• Emily Osborne

04_Who Inspires Me?

I tend to look to the works of illustrators and visual communicators for inspiration and honestly for a bit of a laugh. Two namely figures being the work of Jean Jullian and David Shrigley.


Jean Jullian is a French graphic artist living and working in Paris. He completed a graphic design degree and has since graduated from Central Saint Martins London and the Royal College of Art. His work ranges from illustration to photography, video, book posters, and everything in-between.

I first found his comical illustrations featured on Instagram. They completely interrupted my feed. So simple, and yet comical genius. They were the work of someone that paid close unwavering attention to the world around him and discovered the delights that lie within the habitual.

It’s Nice That magazine “Printed Pages” 2021

His ability to translate complex concepts into beautiful simple illustrations constantly reminds me of the beauty in simplicity and the effect keeping things simple can have.

Jullian’s style interrupts every day and delights viewers. It has a powerful graphic presence in all spaces it occupies, and the visual language translates beautifully across mediums and products. His use of negative space and silhouettes reflects a carefully refined skill set in understanding graphic design, colour theory, and the power of editing.

Happy New Year - 2020

I look to my own practice when considering his work and remind myself to try and use these approaches in my own work. Understanding the power of having a confident visual style, tone of voice, and opinions.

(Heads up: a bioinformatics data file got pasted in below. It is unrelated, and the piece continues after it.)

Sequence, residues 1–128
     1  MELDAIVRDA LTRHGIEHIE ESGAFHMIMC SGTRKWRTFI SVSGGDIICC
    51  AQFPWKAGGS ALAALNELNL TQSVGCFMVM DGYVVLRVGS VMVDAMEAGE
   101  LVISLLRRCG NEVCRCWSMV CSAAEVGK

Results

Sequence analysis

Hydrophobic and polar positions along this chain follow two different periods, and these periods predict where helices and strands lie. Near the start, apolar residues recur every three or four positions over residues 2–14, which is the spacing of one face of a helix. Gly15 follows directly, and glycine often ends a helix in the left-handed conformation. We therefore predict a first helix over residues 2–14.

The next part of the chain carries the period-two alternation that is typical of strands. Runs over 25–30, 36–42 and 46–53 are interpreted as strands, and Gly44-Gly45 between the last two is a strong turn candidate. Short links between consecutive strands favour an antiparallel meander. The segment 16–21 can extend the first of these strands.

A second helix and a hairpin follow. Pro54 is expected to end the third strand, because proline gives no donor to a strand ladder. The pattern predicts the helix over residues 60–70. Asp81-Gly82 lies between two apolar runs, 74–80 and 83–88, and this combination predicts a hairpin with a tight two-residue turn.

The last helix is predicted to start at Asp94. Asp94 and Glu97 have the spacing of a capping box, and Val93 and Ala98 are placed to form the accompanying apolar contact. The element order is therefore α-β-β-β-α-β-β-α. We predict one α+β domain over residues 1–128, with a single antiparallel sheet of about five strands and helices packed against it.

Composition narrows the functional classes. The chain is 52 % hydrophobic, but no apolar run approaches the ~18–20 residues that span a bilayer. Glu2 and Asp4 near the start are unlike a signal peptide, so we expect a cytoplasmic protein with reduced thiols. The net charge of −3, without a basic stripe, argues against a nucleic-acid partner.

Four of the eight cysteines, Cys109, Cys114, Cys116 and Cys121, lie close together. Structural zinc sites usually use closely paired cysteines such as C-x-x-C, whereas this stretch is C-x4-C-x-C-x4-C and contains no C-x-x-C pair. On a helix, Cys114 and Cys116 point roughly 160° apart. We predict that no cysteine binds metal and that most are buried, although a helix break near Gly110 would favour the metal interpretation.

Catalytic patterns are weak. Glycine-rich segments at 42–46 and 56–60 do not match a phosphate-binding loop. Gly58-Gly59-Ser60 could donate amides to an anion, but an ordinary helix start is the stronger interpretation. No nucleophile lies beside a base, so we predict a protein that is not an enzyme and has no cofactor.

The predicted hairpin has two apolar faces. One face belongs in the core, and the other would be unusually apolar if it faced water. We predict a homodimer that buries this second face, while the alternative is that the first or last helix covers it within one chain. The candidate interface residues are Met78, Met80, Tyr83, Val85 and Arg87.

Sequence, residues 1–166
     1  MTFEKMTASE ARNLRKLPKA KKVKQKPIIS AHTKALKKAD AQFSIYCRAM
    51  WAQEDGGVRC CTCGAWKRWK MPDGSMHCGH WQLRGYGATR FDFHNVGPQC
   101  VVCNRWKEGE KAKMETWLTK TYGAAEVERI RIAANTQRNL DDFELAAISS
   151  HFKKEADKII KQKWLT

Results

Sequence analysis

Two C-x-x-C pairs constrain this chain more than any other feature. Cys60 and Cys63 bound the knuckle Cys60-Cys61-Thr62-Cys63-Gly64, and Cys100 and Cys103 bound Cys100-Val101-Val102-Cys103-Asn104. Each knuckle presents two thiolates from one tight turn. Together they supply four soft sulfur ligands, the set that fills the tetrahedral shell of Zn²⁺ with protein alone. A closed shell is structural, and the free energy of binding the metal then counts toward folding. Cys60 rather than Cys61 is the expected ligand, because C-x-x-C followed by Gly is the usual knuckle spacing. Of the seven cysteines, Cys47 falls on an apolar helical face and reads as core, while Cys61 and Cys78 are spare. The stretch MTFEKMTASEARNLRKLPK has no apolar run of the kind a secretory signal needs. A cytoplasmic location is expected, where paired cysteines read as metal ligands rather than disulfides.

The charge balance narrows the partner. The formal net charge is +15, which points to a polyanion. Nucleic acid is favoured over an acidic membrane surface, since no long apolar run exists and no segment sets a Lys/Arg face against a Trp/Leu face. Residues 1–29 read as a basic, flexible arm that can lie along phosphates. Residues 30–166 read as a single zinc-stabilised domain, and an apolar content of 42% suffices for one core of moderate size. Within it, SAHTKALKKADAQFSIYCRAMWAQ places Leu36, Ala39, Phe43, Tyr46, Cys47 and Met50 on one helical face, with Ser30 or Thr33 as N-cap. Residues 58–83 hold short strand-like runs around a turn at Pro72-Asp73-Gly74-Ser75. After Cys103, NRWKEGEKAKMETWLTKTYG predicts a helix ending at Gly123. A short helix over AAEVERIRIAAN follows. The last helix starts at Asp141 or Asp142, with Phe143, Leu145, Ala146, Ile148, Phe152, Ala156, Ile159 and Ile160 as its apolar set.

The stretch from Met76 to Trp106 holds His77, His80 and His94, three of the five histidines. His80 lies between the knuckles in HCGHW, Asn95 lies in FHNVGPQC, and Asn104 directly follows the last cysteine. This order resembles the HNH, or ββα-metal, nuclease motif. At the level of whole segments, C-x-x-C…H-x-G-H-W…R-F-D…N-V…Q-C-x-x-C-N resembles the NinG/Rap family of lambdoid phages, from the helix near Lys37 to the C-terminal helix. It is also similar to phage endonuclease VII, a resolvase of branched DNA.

In the same vein, but to a whole new extreme, the work of David Shrigley is so brutally honest and raw, it compels and excited me when he releases new art. It seems like a massive “F-you” to the entire foundations of what should be considered illustration. A true Duchamp of his generation.

From studying at Glasgow school of art and now working in Brighton England, Shrigley has a wide history of exhibitions, installations, and group exhibitions. His resume is widely travelled and well versed in many walks of art and design all over the world. Having released several publications and myself owning a few of his books, which are a wild and unnerving exploration into complete randomness and hardcore resonating reflection. It is the absurd and emotive mixed together to confuse and astound audiences alike.

His visual language is instantly recognisable and thus a perfect practice in the act of self-branding. When reflecting on what aspect of David’s work intrigues me the most, I guess I can admit it not for any aesthetical value -at least for me - no, the inspiration is drawn from the sheer confidence it takes to make work clearly for himself and serve it to the world unfazed whether anyone wants it. Clearly, people resonate with this work in one way or another. Or else he wouldn’t need to keep making books. But his work also pushes and breaks the boundaries of what is appropriate visual communication. Are his works any less comprehensible because of their form? Although abstract, some may be more direct in their message whilst others are open to a lovely form of introspective consideration.

Really Good, 4th Plinth Commission 2016

Dear Mother. Neon 2018

David’s work reminds me that we don’t all like the same thing, that trends come and go, and pretty art is not always the only art. That communication does not finish at glossy presentations and shiny graphics but instead can be instilled in honest and dynamic conversation pieces.

Recent Posts

See All